GREENWICH, Conn. (AP) – The Diocese of Bridgeport is negotiating with T-Mobile to allow the company to install a telecommunications tower in the noted Putnam Cemetery.

The cemetery, the final resting place of President Bush’s grandparents and several other prominent Connecticut residents, would be among only a handful of burial grounds in the state with telecommunications towers on their grounds.

The diocese rejected past requests from companies who wanted to install towers in that cemetery and the other 14 that it operates statewide.

“The people who are laying in the cemetery are not going to complain, but the people who have families there may take offense,” said Ray Capo, director of cemeteries for the Bridgeport diocese.

However, T-Mobile’s 110-foot tower would be disguised as a flagpole and placed in a secluded site away from the grave plots near the mausoleum.

“This one I could live with,” Capo told the Greenwich Time.

Installing telecommunications towers in Greenwich and other residential areas in southwest Connecticut has become increasingly difficult for wireless carriers.

Residents have fought several proposals, saying that the structures are too tall, look unnatural and do not blend with their neighborhoods.

Putnam Cemetery would only be the second cemetery in Connecticut in which T-Mobile has installed equipment. The other is in Bloomfield Cemetery, officials said.

Cemeteries in Monroe and Westbrook also have approved tower installations, according to state regulators.

Several churches statewide also have negotiated contracts in which companies have paid to install antennae and other telecommunications equipment hidden in their steeples.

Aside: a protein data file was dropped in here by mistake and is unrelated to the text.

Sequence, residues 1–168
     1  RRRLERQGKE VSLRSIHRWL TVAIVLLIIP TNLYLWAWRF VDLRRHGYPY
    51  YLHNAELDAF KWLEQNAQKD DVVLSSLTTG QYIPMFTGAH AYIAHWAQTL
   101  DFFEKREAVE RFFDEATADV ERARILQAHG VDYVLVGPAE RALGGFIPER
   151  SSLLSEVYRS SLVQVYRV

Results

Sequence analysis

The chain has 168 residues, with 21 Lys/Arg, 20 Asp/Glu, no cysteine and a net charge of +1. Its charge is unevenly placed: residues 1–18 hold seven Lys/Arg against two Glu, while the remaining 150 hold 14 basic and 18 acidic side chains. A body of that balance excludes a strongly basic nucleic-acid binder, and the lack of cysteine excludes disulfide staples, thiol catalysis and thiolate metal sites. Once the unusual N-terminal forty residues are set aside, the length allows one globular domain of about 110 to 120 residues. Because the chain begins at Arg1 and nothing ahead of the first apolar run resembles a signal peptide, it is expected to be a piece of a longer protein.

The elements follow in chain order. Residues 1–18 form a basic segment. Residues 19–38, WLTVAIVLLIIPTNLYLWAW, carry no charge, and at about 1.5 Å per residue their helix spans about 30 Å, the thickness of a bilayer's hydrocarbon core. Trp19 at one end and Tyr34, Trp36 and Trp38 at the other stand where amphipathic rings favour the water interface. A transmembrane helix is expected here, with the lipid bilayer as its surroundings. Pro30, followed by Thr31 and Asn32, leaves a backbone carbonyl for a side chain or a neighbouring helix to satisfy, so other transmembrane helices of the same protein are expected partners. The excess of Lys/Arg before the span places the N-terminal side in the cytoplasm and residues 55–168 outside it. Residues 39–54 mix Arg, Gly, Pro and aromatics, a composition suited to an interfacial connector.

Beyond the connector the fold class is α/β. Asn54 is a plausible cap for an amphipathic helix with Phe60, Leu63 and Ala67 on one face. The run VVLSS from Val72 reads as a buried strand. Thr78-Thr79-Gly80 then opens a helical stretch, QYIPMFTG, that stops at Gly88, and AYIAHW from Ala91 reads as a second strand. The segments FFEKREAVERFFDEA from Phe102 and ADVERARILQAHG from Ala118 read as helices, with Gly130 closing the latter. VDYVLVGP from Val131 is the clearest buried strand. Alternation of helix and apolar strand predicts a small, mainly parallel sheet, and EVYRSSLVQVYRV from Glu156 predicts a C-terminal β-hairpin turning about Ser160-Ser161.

Laura Altschul, T-Mobile’s government affairs director in Bellevue, Wash., said cemeteries are attractive places to build a tower because they often are surrounded by homes.

During the past several years, demand for wireless coverage in homes has increased the pressure on companies to improve service by building towers in residential areas.

“Cemeteries are usually located around where communities are,” she said. “If there’s ground space for putting in equipment, it’s certainly a viable solution.”

Capo, the diocese’s cemetery director, said he has ensured that the T-Mobile tower in Putnam Cemetery will be far from current or future grave sites.

“The area that I’m putting it in would not affect anyone,” he said.

Former U.S. Sen. Prescott Bush of Connecticut and his wife, Dorothy Walker Bush, are among the notable people buried in Putnam Cemetery. They were the parents of President George Herbert Walker Bush, and the grandparents of the current President Bush.

Three-year-old Pauline Robinson Bush, President Bush’s sister, also was buried there after she died of leukemia in 1953.

Other notable interments in Putnam Cemetery include pianist and comedian Victor Borge, opera singer Ezio Pinza, New York state Supreme Court Justice Townsend Scudder and Titanic survivor Margaret Graham Moore.

It also is the final resting place for Thomas Hastings, designer of the New York Public Library and the Memorial to the Unknown Soldier at Arlington National Cemetery, Va.

Clayton “Bud” Collier, host of the television shows “To Tell the Truth” and “Beat the Clock,” also is buried in Putnam Cemetery.

One of Connecticut’s best-known homicide victims also is buried there: Martha Moxley, who was 15 when she was beaten to death in Greenwich in 1975, is buried next to her father. Kennedy cousin Michael Skakel is serving time for her murder.



Information from: Greenwich Time, http://www.greenwichtimeonline.com

AP-ES-07-09-06 1042EDT


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